For the rest of the world, however, what they see is what they get, and as a result white and brown melt away and suddenly Obama is the quintessential black man, which, for black activists everywhere, can only be a good thing. This has been written elsewhere, and far more eloquently, but I thought it worth taking note of considering my kids are even in on it.

It's really worth taking note that a three-year-old immediately identifies a random black man as "Barack Obama" considering that less than two years ago people who weren't following the American political scene were saying "what's a Barack Obama?"

I like the fact that my children are growing up in an era where Barack Obama's success is even possible, considering how it's barely been a year since people were saying it was not. Heck, I love having witnessed this era myself, even if I wasn't in Washington or Chicago for all the festivities.

Monday, February 02, 2009


When it was announced that M. Night Shyamalan, Indian-American director of The Sixth Sense, would be directing the live-action adaptation of the popular cartoon series Avatar: The Last Airbender, I had mixed feelings on the matter. I was, without question, glad that a director of such high profile had been given the project, and glad further than he had a distinctive Asian heritage which could translate into a keen awareness of the story's Asian orientation and a desire to bring that intact to the big screen. I was worried that this movie was not exactly up his alley, as it will be his first adaptation of someone else's material and it will be an action movie, which is quite a contrast from the slow-burn thrillers he's done throughout his career.

Still, as a fan of Avatar: The Last Airbender I was excited for the project, even when I heard they had to drop the word "Avatar" from the title due to legal conflicts with James Cameron, whose highly anticipated return to filmmaking, Avatar is due out this December. I followed updates on location shooting and casting, though for a while I fell out of the loop.

Still, I wondered who'd they'd cast as the characters. I knew they'd probably go for unknowns, so I figured, things being the way they are, they'd get Amerasian kids (American citizens of Asian descent) for the roles.

Recently, though, I was able to catch some snippets online, and what I read appalled me. Apparently they've hired WHITE kids to play Aang, Sokka and Katara! Aang, to anyone familiar with the show, is clearly derived from a Buddhist monk, while Sokka and Katara look and dress distinctly like Inuits (the people who, if I'm not mistaken, are more popularly known as Eskimos) so it would have been a no-brainer to cast an Asian unknown as Aang and two Native American unknowns as Sokka and Katara. Right? Right? Wrong, apparently.

It's Mickey-fucking-Rooney in Breakfast at Tiffany's all over again.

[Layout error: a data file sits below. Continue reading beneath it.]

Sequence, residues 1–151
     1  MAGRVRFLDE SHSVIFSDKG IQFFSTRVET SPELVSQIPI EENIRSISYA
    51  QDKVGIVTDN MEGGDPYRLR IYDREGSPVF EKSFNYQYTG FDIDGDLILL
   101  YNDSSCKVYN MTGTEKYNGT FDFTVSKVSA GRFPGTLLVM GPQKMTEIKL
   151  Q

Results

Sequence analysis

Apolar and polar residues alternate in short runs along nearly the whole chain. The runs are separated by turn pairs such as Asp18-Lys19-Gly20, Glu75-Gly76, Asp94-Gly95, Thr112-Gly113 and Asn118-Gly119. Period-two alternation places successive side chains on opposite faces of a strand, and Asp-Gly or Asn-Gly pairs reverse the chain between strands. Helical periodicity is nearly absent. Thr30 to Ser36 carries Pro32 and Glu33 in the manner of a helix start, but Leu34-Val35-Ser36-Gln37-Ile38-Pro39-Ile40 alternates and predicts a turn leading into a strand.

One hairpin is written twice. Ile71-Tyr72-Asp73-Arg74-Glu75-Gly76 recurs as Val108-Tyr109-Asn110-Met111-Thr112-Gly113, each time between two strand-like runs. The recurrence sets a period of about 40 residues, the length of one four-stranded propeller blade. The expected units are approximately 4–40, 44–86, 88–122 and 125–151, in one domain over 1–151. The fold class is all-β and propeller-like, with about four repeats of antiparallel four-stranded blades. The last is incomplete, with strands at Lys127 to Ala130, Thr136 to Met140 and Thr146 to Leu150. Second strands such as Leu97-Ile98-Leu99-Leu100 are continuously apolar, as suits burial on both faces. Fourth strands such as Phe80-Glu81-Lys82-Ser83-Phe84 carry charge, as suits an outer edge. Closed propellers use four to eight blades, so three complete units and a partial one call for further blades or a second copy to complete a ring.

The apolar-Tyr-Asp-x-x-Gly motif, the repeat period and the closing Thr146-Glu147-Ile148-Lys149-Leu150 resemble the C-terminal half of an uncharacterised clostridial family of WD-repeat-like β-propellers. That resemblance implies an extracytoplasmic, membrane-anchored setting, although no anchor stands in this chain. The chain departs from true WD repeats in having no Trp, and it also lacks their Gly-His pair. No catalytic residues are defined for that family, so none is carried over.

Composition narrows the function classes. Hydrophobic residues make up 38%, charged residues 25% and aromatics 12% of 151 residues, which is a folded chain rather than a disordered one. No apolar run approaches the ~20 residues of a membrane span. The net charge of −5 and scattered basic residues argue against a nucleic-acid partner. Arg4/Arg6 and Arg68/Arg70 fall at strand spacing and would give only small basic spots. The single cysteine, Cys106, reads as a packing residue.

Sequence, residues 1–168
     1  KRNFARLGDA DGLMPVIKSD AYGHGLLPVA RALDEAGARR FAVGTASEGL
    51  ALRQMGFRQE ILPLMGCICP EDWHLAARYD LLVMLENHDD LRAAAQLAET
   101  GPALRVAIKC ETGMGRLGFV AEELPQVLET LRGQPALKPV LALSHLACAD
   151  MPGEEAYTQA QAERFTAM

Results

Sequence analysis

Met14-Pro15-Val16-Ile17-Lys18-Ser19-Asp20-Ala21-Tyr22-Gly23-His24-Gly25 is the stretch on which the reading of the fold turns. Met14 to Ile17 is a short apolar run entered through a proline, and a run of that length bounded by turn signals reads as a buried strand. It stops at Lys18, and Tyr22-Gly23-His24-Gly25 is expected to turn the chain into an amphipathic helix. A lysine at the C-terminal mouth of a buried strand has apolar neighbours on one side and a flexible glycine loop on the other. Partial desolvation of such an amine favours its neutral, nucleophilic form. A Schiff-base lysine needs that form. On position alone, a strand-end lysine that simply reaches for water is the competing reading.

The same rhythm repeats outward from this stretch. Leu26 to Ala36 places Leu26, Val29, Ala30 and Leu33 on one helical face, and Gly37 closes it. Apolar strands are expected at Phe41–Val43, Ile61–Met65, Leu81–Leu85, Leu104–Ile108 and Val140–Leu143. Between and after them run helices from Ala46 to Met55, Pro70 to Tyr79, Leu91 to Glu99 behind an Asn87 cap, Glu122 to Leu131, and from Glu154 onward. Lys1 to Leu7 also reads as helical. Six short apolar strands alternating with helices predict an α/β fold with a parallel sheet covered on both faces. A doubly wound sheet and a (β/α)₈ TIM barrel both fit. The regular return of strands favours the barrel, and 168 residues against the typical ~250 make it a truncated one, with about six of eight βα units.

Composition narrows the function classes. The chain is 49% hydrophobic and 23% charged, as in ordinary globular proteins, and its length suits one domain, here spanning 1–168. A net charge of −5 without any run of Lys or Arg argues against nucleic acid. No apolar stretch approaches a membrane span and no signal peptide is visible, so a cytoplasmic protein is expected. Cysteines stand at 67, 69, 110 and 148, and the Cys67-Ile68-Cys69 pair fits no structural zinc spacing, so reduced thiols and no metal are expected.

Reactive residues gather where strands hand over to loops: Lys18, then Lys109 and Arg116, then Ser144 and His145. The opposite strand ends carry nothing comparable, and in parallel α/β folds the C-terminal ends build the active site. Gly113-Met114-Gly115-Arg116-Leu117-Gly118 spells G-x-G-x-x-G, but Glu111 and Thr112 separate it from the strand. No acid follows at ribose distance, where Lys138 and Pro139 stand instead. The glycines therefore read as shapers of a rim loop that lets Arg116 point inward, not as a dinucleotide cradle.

It makes me wonder if Shyamalan and Paramount even understand the whole concept of the show being a love letter to Asian culture and the values it espouses. The series creators have even openly professed their love for the works of Hayao Miyazaki whose styling they often tried to ape in the course of the series.

I smell marketing all over the casting of three white kids, and wonder if the dipshits over at Paramount need to look over the grosses of Crouching Tiger, Hidden Dragon again, a movie that made a bundle of money without a white person in sight, and without a word of English even being spoken. It's kind of mind-blowing how, in an age where a man with American, African AND Asian heritage can be elected President of the United States of America, and where the biggest movie star in the world is an African American, a bunch of myopic movie producers and an even MORE myopic movie director still believe that the only way to sell an ASIAN themed movie is to fill it with white kids.

I took little consolation from the knowledge that the story's primary villain-turned-hero, Prince Zuko, was recast from a white teeny-bopper to rising star Dev Patel, the British Indian actor currently making waves in Danny Boyle's Oscar frontrunner Slumdog Millionaire. Zuko is, next to Aang, probably the most important character of the story, and one Shyamalan himself has identified as his favorite, so it's nice that a person of Asian descent (though he is British) should get this role. But, with a white kid still in the lead role, a role written for an ASIAN kid, it's all still all wrong. Sure, all of the lead voice actors for the characters (again, with the exception of Prince Zuko, who was dubbed by Filipino-American Dante Basco) were white, but the intention for them to be Asian is ALL OVER THE PLACE, from the houses they live in to the clothes they wear to the values they profess to cherish.

People are raising a hue and a cry over the suggestion that Will Smith, the biggest box-office star on planet earth, play Captain America because Steve Rogers, as a character, is blond and blue-eyed. Well, while Aang is certainly nowhere near as iconic as Steve Rogers he is meant to be Asian in his looks AND his personal philosophy, so the decision to go with a white kid, who hearkens from a culture that represents a COMPLETELY different value system (and comes from a state which gave birth to a President more reprehensible than the series' main villain, Firelord Ozai), is every bit as objectionable if not more so.

What kills me about Paramount's and Shyamalan's decision is that Asians outnumber Caucasians by something like five to one on Planet Earth, and in America alone they could have practically thrown a stone and hit a kid of Asian descent and looks, especially if they'd gone to California or Hawaii. Instead, they get a WHITE kid from TEXAS. Just TYPING that makes my skin crawl.

This early, I've pretty much decided not to see this in the theaters; if it turns out to be any good I'll just go to a street corner and pick up a bootleg DVD. Unless and until Paramount get their shit together and show those white kids the door they are not getting a blessed centavo of my money and, if there's ANY justice in the world, not any money from any Asian person anywhere.

It's my hope now that the upcoming Dragonball movie, which also features a white guy in a role arguably created for an Asian, tanks horribly, thus forcing Paramount and Shyamalan to seriously and I mean SERIOUSLY rethink their casting decisions.